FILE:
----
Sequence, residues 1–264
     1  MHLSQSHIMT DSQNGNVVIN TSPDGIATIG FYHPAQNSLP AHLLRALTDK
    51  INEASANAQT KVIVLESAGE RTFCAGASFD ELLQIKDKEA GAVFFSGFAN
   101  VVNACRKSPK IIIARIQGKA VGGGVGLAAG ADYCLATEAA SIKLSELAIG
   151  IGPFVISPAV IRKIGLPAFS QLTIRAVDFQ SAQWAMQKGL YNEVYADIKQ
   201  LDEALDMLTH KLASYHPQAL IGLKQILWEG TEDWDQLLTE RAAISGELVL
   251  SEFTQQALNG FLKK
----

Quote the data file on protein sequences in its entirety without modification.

Sequence, residues 1–264
     1  MHLSQSHIMT DSQNGNVVIN TSPDGIATIG FYHPAQNSLP AHLLRALTDK
    51  INEASANAQT KVIVLESAGE RTFCAGASFD ELLQIKDKEA GAVFFSGFAN
   101  VVNACRKSPK IIIARIQGKA VGGGVGLAAG ADYCLATEAA SIKLSELAIG
   151  IGPFVISPAV IRKIGLPAFS QLTIRAVDFQ SAQWAMQKGL YNEVYADIKQ
   201  LDEALDMLTH KLASYHPQAL IGLKQILWEG TEDWDQLLTE RAAISGELVL
   251  SEFTQQALNG FLKK